Special to the NNPA from theDefendersonline.com –
A former New Orleans police officer was sentenced to a maximum of eight years in prison for his role in the notorious Danziger Bridge police shooting in the aftermath of Hurricane Katrina five years ago.
The shooting, in which a group of police officers launched an unprovoked attack on unarmed civilians who were crossing the bridge, left two men dead, and four people wounded.
The officers initially claimed they had come under fire and were only defending themselves. But that claim and the cover-up the officers concocted slowly unraveled under the weight of multiple local, state, and federal investigations of the conduct of the city’s beleaguered police department after the hurricane struck.
Michael Hunter, 33, who had pleaded guilty in April to obstruction of justice and misprision of a felony — failing to report a crime — apologized to the families of the victims in a hushed courtroom of the U.S. District Court in New Orleans. He said he was sorry for “not having the courage” to admit the crime that had occurred and his own role in it.
Hunter was the driver of the rented van that delivered a group of police officers to the bridge on September 4, 2005. When their fusillade ended, James Brissette, 17, lay dead, and Ronald Madison, 40, lay fatally wounded. Four family members of the two men were wounded. The families did not know each other and were not walking together on the bridge. They had simply crossed the bridge in search of food and medical help.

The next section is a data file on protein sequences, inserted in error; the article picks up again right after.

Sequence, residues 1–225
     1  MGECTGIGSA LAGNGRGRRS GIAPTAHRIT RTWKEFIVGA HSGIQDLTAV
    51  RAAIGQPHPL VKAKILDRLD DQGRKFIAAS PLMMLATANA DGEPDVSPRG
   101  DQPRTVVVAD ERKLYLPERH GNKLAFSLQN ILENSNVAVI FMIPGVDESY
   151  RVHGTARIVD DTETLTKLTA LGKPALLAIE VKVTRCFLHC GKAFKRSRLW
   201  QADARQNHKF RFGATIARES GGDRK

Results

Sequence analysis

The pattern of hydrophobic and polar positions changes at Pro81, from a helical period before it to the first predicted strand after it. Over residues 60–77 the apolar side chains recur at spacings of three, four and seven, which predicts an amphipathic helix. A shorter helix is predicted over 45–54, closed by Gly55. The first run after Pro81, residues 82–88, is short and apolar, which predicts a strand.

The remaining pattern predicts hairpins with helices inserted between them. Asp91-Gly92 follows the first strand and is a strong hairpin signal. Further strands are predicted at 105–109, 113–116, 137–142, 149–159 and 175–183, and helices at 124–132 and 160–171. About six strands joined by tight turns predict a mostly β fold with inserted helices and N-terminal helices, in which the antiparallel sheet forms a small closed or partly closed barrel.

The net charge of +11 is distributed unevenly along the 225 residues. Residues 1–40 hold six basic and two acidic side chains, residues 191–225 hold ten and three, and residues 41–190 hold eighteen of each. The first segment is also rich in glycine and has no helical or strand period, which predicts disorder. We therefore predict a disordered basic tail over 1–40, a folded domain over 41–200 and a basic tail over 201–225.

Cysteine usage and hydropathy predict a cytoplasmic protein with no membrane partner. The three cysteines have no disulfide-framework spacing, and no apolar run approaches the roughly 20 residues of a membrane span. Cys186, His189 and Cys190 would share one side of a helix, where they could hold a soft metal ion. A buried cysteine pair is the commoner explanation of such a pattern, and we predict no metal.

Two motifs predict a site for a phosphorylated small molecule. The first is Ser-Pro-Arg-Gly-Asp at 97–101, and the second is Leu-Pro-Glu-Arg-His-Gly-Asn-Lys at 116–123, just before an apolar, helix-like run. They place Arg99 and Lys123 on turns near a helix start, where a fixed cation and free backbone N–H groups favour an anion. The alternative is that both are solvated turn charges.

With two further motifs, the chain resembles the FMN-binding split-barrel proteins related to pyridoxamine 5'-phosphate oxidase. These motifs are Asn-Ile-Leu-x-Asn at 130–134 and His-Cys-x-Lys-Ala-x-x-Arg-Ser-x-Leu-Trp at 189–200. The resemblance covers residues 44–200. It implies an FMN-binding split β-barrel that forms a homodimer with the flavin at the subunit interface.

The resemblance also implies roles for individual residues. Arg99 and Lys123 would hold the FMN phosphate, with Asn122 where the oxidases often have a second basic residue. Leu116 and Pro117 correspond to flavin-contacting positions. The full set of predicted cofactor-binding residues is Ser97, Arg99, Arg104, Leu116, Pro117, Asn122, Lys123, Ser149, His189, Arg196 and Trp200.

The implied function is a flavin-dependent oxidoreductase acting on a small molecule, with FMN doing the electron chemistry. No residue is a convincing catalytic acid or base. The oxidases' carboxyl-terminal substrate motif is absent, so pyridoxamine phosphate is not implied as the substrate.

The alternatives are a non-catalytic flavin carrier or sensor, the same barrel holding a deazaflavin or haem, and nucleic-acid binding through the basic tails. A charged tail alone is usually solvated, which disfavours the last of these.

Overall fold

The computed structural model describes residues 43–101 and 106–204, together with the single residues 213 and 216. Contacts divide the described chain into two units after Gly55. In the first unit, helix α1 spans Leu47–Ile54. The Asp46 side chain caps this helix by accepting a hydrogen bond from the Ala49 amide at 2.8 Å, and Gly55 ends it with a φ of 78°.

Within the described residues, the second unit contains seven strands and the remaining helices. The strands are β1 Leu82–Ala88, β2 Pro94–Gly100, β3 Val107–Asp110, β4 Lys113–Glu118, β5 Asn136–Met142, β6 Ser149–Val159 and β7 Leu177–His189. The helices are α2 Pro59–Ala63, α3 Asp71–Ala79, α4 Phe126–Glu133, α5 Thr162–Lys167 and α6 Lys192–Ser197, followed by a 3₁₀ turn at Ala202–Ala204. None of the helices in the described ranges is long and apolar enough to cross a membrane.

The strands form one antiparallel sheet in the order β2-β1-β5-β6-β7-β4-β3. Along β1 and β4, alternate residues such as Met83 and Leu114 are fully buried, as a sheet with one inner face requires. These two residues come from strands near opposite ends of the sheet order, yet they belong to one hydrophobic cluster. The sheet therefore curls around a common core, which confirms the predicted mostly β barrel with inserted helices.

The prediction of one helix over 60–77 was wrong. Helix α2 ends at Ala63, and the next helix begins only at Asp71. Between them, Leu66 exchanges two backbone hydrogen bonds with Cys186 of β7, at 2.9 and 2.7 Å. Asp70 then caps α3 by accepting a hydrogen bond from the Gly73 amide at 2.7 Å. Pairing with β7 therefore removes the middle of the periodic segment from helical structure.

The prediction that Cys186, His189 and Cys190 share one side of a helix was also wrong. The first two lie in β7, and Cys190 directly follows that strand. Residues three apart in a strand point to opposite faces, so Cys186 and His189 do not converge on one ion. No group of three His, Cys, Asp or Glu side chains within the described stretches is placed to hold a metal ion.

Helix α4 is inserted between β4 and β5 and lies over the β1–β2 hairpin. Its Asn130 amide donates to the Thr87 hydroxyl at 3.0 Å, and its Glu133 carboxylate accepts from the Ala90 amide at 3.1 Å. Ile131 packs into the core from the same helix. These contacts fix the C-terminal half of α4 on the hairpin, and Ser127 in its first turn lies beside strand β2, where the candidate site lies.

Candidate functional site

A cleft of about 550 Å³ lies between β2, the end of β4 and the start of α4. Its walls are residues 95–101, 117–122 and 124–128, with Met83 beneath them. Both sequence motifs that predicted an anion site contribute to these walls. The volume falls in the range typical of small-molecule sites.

The shooting immediately produced a firestorm of controversy. Hunter eventually struck a plea deal with Justice Department investigators, providing a detailed description of what had happened at the Bridge after the officers arrived, including which police officers fired the shots that killed Madison and Brissette.
The pressure to pursue justice in the case was such that when the federal indictments against the police officers were announced last July, U.S. Attorney General Eric H. Holder, Jr. traveled to the city to participate in the news conference with the U.S. Attorney for New Orleans.
U.S. District Court Judge Sarah S. Vance brushed aside Hunter’s apology, excoriating him and the other officers involved for their “profound breach of public trust” and “appalling perversion” and savagery.”
She sentenced him to the maximum amount of time in prison for his guilty plea. His sentence could be reduced, depending on his testimony at the upcoming trials of his former brother officers.
Hunter is expected to testify at the trials of the six other indicted officers in the case. Those trials are scheduled to begin in June.
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